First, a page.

TOKYO -- The worldwide "#MeToo" movement, which calls for the eradication of sexual harassment and has shown signs of spreading in Japan, is a "very good" development, Norway's first female foreign minister has told The Mainichi.
"I think that many women (have been) subject to harassment and bad behavior for many years," 42-year-old Foreign Affairs Minister Ine Eriksen Soreide told The Mainichi in Tokyo, where she gave a lecture on May 10.
Eriksen Soreide said she feels that the movement, in just a few months, has greatly changed how women are treated and how society reacts to poor treatment of women, and hopes it results in lasting change in countries around the world.
In Japan, an incident of alleged sexual harassment by the Finance Ministry's then top bureaucrat sparked protests calling for awareness about and the eradication of sexual harassment.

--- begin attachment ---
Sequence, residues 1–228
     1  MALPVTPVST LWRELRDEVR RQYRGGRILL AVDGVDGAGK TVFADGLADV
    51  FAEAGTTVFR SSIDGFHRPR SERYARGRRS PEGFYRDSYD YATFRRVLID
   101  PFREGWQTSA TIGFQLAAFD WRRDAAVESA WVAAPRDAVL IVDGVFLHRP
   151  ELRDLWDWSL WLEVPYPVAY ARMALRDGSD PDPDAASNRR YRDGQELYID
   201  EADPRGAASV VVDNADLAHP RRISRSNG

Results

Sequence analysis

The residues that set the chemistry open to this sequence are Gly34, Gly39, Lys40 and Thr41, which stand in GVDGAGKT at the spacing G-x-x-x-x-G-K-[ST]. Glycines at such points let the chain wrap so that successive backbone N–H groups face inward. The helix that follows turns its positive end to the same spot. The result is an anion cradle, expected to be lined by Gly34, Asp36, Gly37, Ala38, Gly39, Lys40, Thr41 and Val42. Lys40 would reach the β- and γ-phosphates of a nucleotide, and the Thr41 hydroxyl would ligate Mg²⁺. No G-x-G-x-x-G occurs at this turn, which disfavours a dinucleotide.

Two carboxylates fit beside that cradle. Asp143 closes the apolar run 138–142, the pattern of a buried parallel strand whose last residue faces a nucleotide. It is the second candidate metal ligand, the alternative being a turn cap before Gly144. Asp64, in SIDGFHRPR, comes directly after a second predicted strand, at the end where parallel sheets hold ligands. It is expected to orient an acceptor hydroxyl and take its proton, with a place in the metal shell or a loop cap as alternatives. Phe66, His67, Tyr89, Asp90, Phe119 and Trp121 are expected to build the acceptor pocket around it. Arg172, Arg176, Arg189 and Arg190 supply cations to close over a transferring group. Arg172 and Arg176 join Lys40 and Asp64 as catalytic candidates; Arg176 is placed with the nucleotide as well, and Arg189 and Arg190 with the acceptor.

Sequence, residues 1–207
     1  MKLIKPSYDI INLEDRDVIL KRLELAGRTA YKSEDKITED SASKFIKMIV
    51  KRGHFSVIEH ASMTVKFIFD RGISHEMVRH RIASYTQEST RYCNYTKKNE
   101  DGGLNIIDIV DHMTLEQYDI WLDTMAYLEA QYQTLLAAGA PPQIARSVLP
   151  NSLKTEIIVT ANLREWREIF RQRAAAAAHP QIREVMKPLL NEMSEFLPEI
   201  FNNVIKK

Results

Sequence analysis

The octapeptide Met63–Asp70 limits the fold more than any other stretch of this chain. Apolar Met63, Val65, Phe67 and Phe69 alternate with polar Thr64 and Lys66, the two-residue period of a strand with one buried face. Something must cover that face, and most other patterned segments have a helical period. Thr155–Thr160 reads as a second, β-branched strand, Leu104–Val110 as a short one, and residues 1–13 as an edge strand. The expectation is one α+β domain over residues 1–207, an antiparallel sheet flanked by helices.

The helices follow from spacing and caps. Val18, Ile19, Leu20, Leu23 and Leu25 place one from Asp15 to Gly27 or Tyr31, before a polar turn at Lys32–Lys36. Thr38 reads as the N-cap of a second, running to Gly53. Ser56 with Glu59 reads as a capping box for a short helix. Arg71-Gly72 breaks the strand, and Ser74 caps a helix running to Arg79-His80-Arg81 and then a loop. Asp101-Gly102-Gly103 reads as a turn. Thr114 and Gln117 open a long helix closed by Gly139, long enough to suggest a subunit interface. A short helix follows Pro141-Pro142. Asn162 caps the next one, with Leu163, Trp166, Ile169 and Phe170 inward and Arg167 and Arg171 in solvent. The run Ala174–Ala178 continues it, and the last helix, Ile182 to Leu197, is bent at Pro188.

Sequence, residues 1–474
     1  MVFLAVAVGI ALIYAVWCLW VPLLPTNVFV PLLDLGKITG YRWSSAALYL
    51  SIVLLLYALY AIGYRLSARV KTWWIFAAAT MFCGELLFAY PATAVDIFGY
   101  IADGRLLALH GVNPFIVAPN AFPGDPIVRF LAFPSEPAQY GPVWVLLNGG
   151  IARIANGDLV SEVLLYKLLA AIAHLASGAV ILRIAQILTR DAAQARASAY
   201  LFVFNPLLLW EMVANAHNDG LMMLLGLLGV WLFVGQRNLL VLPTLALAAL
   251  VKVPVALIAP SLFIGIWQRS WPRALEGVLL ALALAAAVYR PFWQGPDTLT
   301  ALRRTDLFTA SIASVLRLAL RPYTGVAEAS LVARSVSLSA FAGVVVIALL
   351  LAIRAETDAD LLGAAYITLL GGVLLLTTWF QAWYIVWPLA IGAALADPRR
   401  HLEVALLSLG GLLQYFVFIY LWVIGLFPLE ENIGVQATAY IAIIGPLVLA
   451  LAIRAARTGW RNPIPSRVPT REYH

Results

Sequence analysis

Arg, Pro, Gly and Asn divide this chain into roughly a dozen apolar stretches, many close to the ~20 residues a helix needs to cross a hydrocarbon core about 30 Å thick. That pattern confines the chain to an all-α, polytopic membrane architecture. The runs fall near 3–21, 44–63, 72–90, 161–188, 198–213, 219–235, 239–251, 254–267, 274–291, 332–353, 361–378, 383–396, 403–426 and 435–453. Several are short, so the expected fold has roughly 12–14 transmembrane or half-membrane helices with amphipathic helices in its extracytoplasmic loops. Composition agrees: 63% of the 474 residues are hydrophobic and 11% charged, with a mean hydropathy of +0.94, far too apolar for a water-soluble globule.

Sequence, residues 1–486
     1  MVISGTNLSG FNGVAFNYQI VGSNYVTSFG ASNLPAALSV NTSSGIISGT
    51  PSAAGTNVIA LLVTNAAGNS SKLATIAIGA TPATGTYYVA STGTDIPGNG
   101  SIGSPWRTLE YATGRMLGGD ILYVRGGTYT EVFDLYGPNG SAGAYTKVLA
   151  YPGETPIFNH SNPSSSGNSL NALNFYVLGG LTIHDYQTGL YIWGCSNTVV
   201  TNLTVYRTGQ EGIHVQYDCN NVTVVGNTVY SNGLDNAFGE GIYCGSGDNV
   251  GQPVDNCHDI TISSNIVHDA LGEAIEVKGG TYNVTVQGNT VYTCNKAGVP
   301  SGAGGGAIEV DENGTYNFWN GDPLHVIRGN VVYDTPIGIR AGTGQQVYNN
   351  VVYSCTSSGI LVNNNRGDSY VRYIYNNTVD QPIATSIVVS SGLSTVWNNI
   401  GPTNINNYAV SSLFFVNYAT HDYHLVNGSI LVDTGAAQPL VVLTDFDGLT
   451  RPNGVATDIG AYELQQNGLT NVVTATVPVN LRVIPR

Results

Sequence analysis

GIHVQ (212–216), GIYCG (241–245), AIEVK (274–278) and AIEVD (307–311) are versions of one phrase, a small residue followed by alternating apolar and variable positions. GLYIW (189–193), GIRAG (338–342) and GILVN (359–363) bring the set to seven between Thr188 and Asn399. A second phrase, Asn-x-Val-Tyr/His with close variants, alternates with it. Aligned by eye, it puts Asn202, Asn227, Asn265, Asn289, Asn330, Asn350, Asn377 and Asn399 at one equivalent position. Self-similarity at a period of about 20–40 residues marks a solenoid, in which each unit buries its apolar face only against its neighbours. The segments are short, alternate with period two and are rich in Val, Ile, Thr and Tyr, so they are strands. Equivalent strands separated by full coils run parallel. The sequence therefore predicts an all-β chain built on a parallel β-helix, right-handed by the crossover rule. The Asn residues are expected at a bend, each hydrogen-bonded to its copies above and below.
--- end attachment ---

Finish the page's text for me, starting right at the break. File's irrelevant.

Eriksen Soreide suggested that gender equality can be more difficult to achieve in some societies than others due to cultural or other reasons, even though gender equality is stipulated in legislation. "We have to constantly work on this," she said.
One of the keys to eliminating discrimination against women is the establishment and enhancement of social institutions that support women, Eriksen Soreide emphasized.
The foreign minister explained that Norway has poured efforts into instituting a social system that allows women to place their children in the care of others and engage in full-time work. She explained that a "very equal system in most homes," in which men and women take equal parts in child-rearing and household chores, makes it possible for both parents to work full time.
According to Eriksen Soreide, about 50 percent of national government officials and parliament members in Norway are women.
(By Richi Tanaka, Staff Writer)